The city enjoys rights and liberties unseen on the autocratic mainland, but many residents fear Beijing is already reneging on that deal.
Pro-democracy activists have organised a march every handover anniversary, calling for greater democratic freedoms – such as the right to elect the city’s leader.
They have mustered large crowds in recent years – including a two-month occupation in 2014 – but have failed to win any concessions from Beijing.
This year’s rally comes against the backdrop of unprecedented anti-government protests over the past three weeks that have drawn millions and anger over police using tear gas and rubber bullets to clear crowds.
The demonstrations have morphed into a wider movement against Lam’s administration and Beijing.
Lam – who has kept out of the public eye since her climbdown and has record low approval ratings – is expected to attend a flag-raising ceremony on the harbourfront early on Monday, marking the moment the city returned to Chinese ownership 22 years ago.
Sam Mu, an artist, was with a small group of friends waving black flags on Monday morning close to where the ceremony was due take place.
“It’s a symbol of how are city is falling,” he told AFP. “Our city’s freedoms are shrinking, it’s going in a more authoritarian direction.”
Activists, who are mainly young students, have vowed to keep up their civil disobedience campaign in the coming weeks.
“Whatever happens we won’t lose heart, that’s why we’ll keep taking to the streets,” Jason Chan, a 22-year-old accountant added. “Resistance is not a matter of a day or a week, it is long term.”
The pro-democracy rally is scheduled to take place on Monday afternoon, following the same route the two mass rallies last month took – from a park to the city’s legislature.
Permission for a separate pro-Beijing rally has been granted to start at the same time in the same park – raising fears of confrontations.
On Sunday, tens of thousands of pro-establishment protesters rallied in support of Hong Kong’s police.
Many waved Chinese flags and hurled insults at anti-government demonstrators camped nearby, highlighting the deep ideological fissures now dividing the finance hub.
Swingman Jeremy Lamb must have caught the Indiana Pacers‘ eye during his career-best scoring season in 2018-19 because they agreed to a three-year, $31.5 million contract with the seven-year veteran Sunday, according to Shams Charania of The Athletic and Stadium.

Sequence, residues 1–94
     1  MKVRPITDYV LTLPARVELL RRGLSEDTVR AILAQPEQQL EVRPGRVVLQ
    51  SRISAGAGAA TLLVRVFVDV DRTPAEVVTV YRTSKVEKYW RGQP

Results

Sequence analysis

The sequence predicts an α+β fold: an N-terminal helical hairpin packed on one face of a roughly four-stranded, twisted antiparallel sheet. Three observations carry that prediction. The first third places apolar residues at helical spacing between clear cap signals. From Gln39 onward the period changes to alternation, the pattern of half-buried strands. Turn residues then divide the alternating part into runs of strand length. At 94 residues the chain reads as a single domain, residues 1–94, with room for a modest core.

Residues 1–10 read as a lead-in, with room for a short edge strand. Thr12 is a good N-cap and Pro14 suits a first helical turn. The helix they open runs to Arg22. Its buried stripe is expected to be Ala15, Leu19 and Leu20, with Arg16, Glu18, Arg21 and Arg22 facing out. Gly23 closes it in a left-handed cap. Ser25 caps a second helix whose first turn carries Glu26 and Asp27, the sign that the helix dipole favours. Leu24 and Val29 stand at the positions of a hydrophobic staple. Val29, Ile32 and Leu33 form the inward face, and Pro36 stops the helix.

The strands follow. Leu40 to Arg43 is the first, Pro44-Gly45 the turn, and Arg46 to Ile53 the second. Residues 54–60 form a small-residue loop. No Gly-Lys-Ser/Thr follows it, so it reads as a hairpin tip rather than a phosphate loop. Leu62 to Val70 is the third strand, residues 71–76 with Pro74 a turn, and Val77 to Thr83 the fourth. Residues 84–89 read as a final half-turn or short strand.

The trade clearly didn’t work out for the Thunder considering Harden elevated himself to league MVP and became one of the best offensive players of his generation. What’s more, Lamb never posted more than 8.5 points per night in any of his three seasons with OKC.
Charlotte traded for him before the 2015-16 campaign and then signed him to a three-year contract extension.
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He delivered in a bigger offensive role when no longer playing alongside Russell Westbrook and Kevin Durant and set a career high in scoring in each of his four seasons with the Hornets. He improved from 8.8 points per game in 2015-16 to 9.7 in 2016-17 to 12.9 in 2017-18 to 15.3 in 2018-19.
Lamb also posted a career-best 5.5 rebounds per game last season and showed a willingness to battle on the glass from the backcourt.
While he is just27 years old and has demonstrated constant improvement as a wing scorer, Lamb’s new team surely wants to see him bolster his three-point shooting after a drop from 37.0 percent in 2017-18 to 34.8 percent last season. If he can do that, he could take advantage of the openings created alongside Pacers guard Victor Oladipo.
Lamb is also a versatile defender who is quick enough to stick with ball-handlers and tall enough (6’5″) to challenge outside shots. Charlotte’s defensive rating was 108.9 when he was on the court and dropped to 111.5 when he was off it last season, per NBA.com.
The Connecticut product won’t be the flashiest signing this offseason, but he is a valuable role player who has demonstrated potential as an offensive playmaker and defender.
SAN FRANCISCO — Kamala Harris might be reveling in her sudden burst of attentionafter roasting Joe Biden over racial issues on the debate stage last week, but a backlash is already brewing.